Last edited by acespicoli; 02-03-2021, 05:14.
                        "if" the biggest small word in the dictionary

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                          #42
                          TWEAK NOTES FEEDING MAINTAINING PH IN SOIL: 2021
                          ~~~~~~~~~~~~~~~~~~
                          Humic acid is a group of molecules that bind to, and help plant roots receive, water and nutrients. High humic acid levels can dramatically increase yields. Humic acid deficiency can prevent farmers and gardeners from growing crops with optimum nutrition.
                          ~~~~~~~~~~~~~~~~~~

                          Thorvin Icelandic Geothermal Kelp is excellent for a range of applications from custom blends (e.g. seed start mix) to value‐add blended fertilizers.
                          • Add as inoculant at 5-10 lbs. per cubic yard.
                          • Mix in with final compost at 25-50 lbs. per cubic yard.
                          • Include in fertilizer blends as a trace mineral value-add ingredient at ½ to 2% of the mix.

                          Like all Thorvin fertilizer ingredients, this product is valued for its complex trace mineral and phytonutrient profile. It is harvested sustainably from the mineral‐rich waters of a pristine Icelandic fjord and then carefully dried and handled to preserve biological values.

                          Powder or Granules

                          Made from dried and ground Ascophyllum nodosum seaweed, Organic Kelp Meal is an excellent source of micronutrients and beneficial plant growth promoters. Contains over 60 naturally-chelated minerals and essential elements that the fast-growing sea plant absorbs from the cold, nutrient-rich waters of the North Atlantic.
                          ~~~~~~~~~~~~~~~~~~
                          Fish Bone Meal 4-12-0 is a marine-based alternative to traditional terrestrial bone meal options and is a great source of organic phosphorus and calcium.

                          As one of the three big nutrients for plants, phosphorous plays a role in both root and bloom development, which helps produce high-quality fruit and flowers. Phosphorus helps plants take to new soil by boosting root development. Strong root development means plants will grow faster and be healthier because they can absorb more water and nutrients from the soil. You will have larger carrots and potatoes, and flowers will produce bigger blossoms.

                          DTE Fish Bone Meal 4-12-0 also contains a small amount of organic nitrogen and is an ideal fertilizer for new garden beds, perennials and bulbs.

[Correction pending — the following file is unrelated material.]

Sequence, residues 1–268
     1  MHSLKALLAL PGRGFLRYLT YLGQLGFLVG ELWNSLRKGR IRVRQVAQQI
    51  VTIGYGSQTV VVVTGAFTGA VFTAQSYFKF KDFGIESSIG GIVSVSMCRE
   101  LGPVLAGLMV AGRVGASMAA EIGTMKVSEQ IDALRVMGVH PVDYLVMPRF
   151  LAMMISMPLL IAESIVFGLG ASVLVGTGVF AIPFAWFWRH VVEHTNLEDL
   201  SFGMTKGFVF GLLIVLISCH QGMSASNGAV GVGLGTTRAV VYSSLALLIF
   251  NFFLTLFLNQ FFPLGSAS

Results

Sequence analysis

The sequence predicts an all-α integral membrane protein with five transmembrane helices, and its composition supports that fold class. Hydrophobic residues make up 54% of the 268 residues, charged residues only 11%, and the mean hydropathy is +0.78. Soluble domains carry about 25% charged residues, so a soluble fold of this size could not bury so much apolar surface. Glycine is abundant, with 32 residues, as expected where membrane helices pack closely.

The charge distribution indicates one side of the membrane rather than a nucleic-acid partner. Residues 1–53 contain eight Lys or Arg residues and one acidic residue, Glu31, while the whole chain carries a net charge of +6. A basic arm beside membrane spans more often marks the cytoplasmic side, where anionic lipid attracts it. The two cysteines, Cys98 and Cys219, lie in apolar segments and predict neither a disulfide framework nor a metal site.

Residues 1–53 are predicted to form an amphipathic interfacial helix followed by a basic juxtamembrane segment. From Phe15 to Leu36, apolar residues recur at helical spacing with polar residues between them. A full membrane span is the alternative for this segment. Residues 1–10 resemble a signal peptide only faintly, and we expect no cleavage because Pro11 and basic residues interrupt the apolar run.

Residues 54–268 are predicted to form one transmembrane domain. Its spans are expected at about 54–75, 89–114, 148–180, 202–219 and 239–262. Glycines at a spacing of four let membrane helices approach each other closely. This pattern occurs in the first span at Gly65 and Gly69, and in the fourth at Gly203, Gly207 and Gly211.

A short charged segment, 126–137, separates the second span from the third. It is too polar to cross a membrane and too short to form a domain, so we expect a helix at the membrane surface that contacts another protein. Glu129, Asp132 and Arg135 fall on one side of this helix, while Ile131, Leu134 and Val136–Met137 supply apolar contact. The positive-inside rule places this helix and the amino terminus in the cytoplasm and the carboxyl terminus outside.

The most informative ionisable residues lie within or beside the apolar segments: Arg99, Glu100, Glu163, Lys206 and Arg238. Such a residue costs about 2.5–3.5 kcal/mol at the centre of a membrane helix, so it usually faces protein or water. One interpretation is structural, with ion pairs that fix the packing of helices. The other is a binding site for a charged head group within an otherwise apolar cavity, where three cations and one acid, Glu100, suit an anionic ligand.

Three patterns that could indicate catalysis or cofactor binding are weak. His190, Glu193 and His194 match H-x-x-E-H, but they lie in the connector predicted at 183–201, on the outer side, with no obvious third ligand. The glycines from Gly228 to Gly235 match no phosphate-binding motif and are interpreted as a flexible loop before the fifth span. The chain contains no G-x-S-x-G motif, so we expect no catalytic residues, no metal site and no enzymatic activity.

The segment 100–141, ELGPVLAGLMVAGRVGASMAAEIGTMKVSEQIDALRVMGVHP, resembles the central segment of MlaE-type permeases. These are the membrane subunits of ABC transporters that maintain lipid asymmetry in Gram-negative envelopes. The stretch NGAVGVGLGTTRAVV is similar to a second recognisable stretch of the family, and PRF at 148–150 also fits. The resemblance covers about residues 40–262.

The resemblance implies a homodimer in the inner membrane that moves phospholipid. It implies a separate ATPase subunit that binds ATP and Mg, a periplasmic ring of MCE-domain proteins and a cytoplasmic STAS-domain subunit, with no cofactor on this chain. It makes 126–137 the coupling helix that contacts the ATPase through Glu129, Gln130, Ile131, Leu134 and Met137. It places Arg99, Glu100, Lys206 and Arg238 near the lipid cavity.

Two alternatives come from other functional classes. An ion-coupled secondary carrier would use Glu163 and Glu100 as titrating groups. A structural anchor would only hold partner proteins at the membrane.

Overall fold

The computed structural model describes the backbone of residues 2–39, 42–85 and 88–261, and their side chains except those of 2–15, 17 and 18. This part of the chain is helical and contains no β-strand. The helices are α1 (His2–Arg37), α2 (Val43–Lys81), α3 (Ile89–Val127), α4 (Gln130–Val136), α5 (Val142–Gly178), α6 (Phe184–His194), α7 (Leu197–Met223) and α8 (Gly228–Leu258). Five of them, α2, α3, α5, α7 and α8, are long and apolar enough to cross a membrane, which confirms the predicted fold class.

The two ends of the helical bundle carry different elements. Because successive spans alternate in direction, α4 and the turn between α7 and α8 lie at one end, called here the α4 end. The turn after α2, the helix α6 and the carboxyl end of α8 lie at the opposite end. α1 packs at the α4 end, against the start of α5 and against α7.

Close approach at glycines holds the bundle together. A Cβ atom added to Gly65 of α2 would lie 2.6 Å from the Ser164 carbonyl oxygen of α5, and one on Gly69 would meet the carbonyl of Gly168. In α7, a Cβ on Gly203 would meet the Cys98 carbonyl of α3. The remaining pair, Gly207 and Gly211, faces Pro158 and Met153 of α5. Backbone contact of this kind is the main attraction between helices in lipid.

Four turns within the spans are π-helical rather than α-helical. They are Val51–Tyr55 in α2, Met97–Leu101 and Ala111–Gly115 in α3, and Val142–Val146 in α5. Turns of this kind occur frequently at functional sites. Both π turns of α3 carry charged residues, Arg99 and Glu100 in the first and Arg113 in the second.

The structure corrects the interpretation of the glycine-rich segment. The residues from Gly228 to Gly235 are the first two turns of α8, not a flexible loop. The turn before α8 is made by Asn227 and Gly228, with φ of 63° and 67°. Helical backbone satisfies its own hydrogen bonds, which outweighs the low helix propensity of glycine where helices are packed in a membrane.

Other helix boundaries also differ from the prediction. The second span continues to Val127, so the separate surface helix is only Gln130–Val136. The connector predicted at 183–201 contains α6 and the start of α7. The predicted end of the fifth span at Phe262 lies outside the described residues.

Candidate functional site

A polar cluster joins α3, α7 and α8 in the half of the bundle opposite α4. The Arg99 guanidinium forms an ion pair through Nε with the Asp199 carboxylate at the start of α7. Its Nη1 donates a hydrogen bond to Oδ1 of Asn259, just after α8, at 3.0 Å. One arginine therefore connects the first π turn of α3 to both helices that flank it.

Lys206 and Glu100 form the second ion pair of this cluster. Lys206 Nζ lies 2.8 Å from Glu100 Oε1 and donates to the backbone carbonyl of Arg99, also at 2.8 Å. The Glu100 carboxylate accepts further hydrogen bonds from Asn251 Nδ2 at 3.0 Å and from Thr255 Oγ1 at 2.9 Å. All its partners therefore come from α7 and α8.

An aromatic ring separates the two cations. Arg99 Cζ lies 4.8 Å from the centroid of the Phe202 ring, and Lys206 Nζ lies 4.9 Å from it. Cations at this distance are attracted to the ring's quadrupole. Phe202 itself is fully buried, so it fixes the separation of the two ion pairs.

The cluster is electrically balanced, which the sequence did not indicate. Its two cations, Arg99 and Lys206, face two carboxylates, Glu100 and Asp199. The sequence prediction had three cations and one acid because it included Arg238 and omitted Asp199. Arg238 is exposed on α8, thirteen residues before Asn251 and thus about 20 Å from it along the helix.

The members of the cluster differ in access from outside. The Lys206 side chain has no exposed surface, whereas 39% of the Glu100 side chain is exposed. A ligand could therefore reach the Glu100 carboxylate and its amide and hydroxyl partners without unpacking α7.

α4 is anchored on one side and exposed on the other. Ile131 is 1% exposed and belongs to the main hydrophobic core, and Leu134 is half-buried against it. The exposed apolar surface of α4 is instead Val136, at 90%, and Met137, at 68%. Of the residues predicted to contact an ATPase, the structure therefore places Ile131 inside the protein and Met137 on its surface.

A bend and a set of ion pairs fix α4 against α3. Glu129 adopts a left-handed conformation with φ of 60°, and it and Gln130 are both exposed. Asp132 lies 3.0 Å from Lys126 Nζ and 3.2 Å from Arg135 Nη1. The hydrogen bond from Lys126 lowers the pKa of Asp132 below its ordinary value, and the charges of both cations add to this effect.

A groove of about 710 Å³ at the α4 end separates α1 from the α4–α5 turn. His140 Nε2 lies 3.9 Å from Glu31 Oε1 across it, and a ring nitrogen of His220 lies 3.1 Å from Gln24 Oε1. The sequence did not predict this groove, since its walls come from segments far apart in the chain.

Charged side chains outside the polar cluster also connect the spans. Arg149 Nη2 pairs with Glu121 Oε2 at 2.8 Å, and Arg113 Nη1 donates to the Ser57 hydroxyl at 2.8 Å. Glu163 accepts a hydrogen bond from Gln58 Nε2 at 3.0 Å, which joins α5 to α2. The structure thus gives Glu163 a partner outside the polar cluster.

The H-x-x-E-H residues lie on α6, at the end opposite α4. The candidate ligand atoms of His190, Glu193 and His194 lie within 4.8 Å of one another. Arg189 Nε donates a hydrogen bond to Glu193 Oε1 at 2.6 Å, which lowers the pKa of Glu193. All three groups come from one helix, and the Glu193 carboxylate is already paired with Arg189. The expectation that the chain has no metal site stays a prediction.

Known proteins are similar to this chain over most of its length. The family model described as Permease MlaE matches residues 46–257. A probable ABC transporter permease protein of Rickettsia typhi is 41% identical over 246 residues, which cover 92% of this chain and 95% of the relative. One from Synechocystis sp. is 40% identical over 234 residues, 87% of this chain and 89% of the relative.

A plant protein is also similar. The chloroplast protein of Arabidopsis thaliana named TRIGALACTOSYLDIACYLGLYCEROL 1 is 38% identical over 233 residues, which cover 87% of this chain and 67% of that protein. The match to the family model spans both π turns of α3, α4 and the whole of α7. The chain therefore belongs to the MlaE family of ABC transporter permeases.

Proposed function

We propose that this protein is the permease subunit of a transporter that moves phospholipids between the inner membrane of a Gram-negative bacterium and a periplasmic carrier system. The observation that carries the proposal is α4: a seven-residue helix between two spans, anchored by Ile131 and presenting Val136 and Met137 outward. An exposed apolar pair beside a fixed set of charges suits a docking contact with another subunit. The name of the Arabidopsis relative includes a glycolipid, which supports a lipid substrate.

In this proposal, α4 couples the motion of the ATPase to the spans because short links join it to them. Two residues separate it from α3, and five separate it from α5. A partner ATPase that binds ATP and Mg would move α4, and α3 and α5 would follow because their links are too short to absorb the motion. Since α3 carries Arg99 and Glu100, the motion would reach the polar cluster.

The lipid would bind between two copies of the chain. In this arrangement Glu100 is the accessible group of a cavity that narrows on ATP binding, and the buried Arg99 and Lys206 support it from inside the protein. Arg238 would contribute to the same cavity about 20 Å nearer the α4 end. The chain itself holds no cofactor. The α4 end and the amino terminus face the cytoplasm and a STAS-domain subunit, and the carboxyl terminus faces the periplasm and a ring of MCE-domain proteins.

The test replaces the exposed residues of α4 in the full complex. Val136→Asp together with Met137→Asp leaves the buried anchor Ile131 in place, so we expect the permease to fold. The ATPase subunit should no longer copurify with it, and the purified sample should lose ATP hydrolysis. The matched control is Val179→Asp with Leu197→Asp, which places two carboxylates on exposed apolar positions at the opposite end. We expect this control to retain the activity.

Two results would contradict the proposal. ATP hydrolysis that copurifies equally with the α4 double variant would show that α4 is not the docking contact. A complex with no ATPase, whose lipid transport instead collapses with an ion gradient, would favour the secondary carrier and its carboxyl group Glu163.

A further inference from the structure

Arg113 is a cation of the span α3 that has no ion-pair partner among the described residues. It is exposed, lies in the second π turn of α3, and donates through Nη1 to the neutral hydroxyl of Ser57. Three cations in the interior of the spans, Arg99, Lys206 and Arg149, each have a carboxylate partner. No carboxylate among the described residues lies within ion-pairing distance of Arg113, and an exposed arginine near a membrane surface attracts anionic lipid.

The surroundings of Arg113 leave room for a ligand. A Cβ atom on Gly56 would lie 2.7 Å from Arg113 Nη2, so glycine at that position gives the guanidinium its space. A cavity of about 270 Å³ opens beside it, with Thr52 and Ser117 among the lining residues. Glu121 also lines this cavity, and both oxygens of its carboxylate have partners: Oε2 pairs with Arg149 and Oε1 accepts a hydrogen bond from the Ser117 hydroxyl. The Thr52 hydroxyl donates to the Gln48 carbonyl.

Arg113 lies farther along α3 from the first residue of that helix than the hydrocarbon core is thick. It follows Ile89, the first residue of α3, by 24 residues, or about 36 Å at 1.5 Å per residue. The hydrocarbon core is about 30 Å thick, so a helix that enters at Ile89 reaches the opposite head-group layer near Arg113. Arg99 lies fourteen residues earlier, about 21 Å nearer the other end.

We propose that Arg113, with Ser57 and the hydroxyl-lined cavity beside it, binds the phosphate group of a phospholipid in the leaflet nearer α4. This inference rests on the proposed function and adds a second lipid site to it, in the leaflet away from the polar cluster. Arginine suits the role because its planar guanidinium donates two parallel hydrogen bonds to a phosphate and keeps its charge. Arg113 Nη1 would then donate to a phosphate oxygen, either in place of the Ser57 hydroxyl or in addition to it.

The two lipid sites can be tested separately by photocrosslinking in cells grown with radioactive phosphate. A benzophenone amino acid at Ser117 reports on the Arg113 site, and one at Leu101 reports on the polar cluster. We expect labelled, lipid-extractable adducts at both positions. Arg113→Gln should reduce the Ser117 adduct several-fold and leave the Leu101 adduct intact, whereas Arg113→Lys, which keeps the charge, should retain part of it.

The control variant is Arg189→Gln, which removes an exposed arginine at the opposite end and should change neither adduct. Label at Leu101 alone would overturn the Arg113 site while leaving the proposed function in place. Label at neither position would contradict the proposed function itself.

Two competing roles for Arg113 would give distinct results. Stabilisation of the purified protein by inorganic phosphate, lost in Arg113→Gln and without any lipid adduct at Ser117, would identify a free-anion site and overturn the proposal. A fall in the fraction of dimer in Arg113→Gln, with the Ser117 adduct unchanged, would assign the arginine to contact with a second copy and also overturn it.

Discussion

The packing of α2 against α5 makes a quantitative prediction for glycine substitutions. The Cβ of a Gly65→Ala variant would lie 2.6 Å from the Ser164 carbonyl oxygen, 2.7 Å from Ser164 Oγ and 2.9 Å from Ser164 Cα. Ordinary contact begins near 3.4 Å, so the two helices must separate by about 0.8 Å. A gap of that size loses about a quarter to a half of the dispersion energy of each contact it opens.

~~~~~~~~~~~~~~~~~~
                          Langbeinite 0-0-22 is a naturally mined crystalline mineral that supplies the water-soluble sulfate form of three vital plant nutrients: potassium, magnesium and sulfurs. It’s maximum chlorine content is less than 3.0 percent, minimizing the potential for fertilizer “burn,” and it’s neutral pH does not alter soil activity.

                          Potassium contributes strongly to overall plant health by regulating internal processes. Since potassium makes up part of the fluid of the plant, it is found throughout plant tissue, meaning plants need a strong source of potassium as they grow. Potassium deficiencies lead to weak stalks and immature roots, leaving the plant susceptible to insects.

                          DTE Langbeinite 0-0-22 is widely used on sensitive vegetables and fruit crops that require high fertilization rates but do not tolerate high levels of chlorine or soluble salts. This standard grade langbeinite has a typical SGN of 95 and is an excellent source of readily available sulfur, potassium and magnesium.
                          ~~~~~~~~~~~~~~~~~~

                          Chelated iron fertilizers, in which the iron is combined with an organic chemical called a chelate that helps keep the iron in a plant-available form, are most appropriate for application to the soil. Fertilizing high pH soils with non-chelated iron fertilizers such as ferrous sulfate (FeSO4.2H2O) is not recommended because this iron will not be available to plants.
                          Last edited by acespicoli; 03-16-2021, 02:35.
                          "if" the biggest small word in the dictionary